Category Archives: Devotions

Standing on the Promises of God

 

Hebrews chapter 11 has long been considered the Hall of Faith for saints, particularly those who were in the Old Testament, but there is much more going on.  Yes, attention is drawn to the lives of saints as examples in our day (see also Heb. 13:7), and yes this chapter is collectively a model of encouragement for the perseverance of the saints, but perhaps more than all of this is that the central figure in this Hall of Faith is not Abraham or Moses, but God Himself, most notably through His faithfulness to His promises in the lives of His children.

The concept of promise is not new to Hebrews as we reach this 11th chapter, rather it has been an underlying theme throughout the book, particularly since the 6th chapter where the promise and oath of God was rooted and grounded in His inability to lie and His own justice (see also Heb. 4:1).  Promises emerge in Hebrews 11 out of two statements made in chapter 10, “Let us hold fast the confession of our hope without wavering, for he who promised is faithful” and “For you have need of endurance, so that when you have done the will of God you may receive what is promised” from 10:23 and 10:36 respectively, each of which serve as an introduction to our chapter under discussion.

Building on this, chapter 11 picks up the promise motif in 11:9 with the mention of Abraham – and the land of promise, Isaac and Jacob – the heirs of the promises, and the promise of God to Abraham and Sarah for the blessed seed.  With is in mind, four additional mentions of promises in this chapter serve to highlight the foundation of God’s faithfulness.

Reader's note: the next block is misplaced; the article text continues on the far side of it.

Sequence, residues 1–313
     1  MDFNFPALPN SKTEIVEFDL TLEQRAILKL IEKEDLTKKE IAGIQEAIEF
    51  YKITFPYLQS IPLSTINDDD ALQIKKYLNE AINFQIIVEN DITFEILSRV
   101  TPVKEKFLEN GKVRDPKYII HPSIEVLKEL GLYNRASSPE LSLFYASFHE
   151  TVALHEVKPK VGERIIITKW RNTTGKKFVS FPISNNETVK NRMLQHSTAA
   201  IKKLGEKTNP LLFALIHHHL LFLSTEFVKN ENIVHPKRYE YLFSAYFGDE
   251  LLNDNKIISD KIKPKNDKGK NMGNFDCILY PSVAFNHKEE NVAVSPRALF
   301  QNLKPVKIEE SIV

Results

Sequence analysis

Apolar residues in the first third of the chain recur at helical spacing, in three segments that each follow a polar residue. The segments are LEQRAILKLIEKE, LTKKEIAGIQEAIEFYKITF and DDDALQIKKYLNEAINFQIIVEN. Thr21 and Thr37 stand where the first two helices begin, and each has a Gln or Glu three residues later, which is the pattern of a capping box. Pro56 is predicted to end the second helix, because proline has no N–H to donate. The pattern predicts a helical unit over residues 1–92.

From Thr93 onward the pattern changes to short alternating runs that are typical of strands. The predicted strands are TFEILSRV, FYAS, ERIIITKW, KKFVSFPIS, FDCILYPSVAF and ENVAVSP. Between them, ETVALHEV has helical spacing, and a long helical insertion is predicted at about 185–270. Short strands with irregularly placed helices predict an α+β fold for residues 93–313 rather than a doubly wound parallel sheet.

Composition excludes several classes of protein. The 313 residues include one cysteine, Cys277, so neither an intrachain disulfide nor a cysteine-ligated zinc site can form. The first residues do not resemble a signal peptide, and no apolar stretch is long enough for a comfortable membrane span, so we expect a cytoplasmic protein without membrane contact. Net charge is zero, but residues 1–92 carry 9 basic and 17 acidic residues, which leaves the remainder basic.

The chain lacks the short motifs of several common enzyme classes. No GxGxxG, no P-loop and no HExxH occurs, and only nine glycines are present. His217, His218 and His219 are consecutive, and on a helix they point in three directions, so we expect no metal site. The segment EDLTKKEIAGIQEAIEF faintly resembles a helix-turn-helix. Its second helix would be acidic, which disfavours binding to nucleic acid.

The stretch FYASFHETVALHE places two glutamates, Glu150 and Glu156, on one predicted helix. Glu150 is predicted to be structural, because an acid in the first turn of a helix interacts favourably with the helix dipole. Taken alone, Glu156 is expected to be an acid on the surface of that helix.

The first occurs in Heb. 11:13, “These all died in faith, not having received the things promised, but having seen them and greeted them from afar, and having acknowledged that they were strangers and exiles on the earth.”

The second occurs in Heb. 11:17, “By faith Abraham, when he was tested, offered up Isaac, and he who had received the promises was in the act of offering up his only son…”

The third occurs in Heb. 11:33, “who through faith conquered kingdoms, enforced justice, obtained promises”

The fourth occurs in Heb. 11:39-40 And all these, though commended through their faith, did not receive what was promised, 40 since God had provided something better for us, that apart from us they should not be made perfect.”

In over-viewing the promises above, we find a bit of a conflict, a dichotomy of sorts.  On the one hand, in verse 13 we read a summary statement of the saints listed up to this point who died having NOT received the things promised.  Instead, they saw them and greeted them from afar.  Next we read that Abraham DID receive the promises, followed by another summary statement in verse 33 that these obtained promises.  Finally, we read the section summary which states that all of these did NOT receive what was promised.  So which is it?  Did they receive the promises or not?  And what are the promises?